Women political leaders are also more likely to get things done and are 31 percent more effective than men at advancing legislation. In 2013, when the government was on the verge of shutting down, women Senators of both parties came together to work out a compromise that both Parties could get behind. In fact, the 20 women Senators who brokered the deal were widely credited for saving the government from shutdown—even John McCain (R-AZ) lauded them: “I am very proud that these women are stepping forward. Imagine what they could do if there were 50 of them.”

Indeed, imagine if the leader of the free world were one of them.

Women also tend to have different policy priorities and place a greater emphasis on issues that help families, women, and children, like paid family leave and raising the minimum wage. The differences in women’s leadership styles and policy priorities, however, are not simply due to the fact they have vaginas, but because of different lived experiences that they bring to their jobs. While we have come far as a country in providing the same opportunities to women and men, women still live their lives and experience the world differently than men do: women are still more likely to be the primary caregivers to children and elderly family members, have different health needs and concerns, and make up the vast majority of rape survivors. These are just a few of the many real differences in the realities of women and men’s lives, and different experiences means different priorities, needs, and perspectives.

As North Dakota Democratic Senator Heidi Heitkamp once said of collaborating with female colleagues:

It is about getting people in a room with different life experiences who will look at things a little differently because they’re moms, because they’re daughters who’ve been taking care of senior moms, because they have a different life experience than a lot of senior guys in the room.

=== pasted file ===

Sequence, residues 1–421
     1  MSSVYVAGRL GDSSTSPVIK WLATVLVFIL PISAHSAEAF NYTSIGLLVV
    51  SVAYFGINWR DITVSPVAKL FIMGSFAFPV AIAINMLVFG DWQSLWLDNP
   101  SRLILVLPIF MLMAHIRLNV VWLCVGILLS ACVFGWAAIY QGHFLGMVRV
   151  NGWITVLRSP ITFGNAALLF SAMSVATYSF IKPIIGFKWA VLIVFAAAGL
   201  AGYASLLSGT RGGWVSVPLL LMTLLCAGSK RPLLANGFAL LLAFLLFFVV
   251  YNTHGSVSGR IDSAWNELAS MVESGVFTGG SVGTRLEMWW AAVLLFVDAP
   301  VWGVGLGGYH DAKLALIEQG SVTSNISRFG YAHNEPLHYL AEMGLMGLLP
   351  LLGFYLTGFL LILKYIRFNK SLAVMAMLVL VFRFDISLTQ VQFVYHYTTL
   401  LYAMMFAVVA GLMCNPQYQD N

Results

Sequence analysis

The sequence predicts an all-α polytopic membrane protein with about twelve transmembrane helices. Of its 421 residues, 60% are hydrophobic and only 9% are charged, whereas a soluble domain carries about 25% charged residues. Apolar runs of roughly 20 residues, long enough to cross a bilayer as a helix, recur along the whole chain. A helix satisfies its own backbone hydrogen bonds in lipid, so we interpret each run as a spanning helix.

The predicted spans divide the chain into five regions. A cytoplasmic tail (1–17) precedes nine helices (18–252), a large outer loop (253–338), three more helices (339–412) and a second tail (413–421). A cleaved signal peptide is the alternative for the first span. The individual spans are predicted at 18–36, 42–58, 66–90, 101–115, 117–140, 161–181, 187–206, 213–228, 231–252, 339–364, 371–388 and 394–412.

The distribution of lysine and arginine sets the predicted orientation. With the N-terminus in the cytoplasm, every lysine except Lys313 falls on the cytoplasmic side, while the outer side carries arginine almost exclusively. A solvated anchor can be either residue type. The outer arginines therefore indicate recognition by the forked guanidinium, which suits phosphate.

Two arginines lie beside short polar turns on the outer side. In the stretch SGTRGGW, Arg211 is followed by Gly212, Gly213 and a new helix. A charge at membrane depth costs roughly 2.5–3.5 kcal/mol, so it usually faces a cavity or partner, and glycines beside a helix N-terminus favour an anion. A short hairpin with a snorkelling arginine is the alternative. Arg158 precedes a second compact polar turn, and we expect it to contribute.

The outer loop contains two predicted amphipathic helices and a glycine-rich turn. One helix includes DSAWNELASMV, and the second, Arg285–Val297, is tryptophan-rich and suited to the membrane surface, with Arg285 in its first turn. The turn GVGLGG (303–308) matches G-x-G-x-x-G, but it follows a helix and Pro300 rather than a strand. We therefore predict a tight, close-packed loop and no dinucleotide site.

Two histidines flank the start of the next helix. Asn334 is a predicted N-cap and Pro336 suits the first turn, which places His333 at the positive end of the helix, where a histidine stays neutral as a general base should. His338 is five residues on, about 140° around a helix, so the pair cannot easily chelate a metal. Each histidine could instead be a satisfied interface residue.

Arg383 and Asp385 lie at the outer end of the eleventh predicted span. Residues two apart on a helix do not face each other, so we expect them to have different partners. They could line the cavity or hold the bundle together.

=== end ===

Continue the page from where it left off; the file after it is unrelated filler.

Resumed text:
This is not to say that a man cannot advocate for policies that help women and families, but that they may not have the same understanding of these issues that women do.

The difference women make in office is a valid reason to give for supporting a candidate, and citing it does not mean it is the only reason nor the most important reason to support a candidate (though as I have written elsewhere, I believe it is perfectly OK if it is). But the narrative has been constructed in such a way that considering gender in political evaluations of candidates at all is deemed lazy or unintelligent, when in fact, there are compelling reasons why gender can and should matter in political decisions.

Clinton supporters would do well to message about gender in this way—that it is not the only reason to support Clinton and other women leaders, but it matters, and this is why. This is a much different conversation than talking about how Clinton is entitled to or owed support from women by virtue of being a woman herself, and it also allows for men to acknowledge how Clinton’s gender might positively factor into their support for her.

So the difference in support for Clinton among younger and older women does not represent a “schism” or divide among women as the media suggests; in fact, these differences have more to do with age differences than they do gender. But the conversation has illuminated that we need to find better ways to talk about gender’s relevancy in the public sphere.

The Media’s Coverage of Hillary Clinton Is Downright Irresponsible

Original article published by The Huffington Post on September 1, 2015. See it here.
HRC Wiki Commons
Casual observers of recent media coverage would reasonably conclude that the Hillary Clinton campaign is in serious trouble. Headlines across news sources allege her falling poll numbers and once secure spot of the frontrunner for the Democratic nomination. But a closer inspection of the most recent poll by Quinnipiac University that has spawned the headlines “Hillary slips, Trump rises in national poll” and “Hillary Clinton Hits Lows on Favorability, Trustworthiness in new poll,” among hundreds of others, reveals a very different story–Hillary Clinton’s position is strong and her opponents are the ones who are in trouble.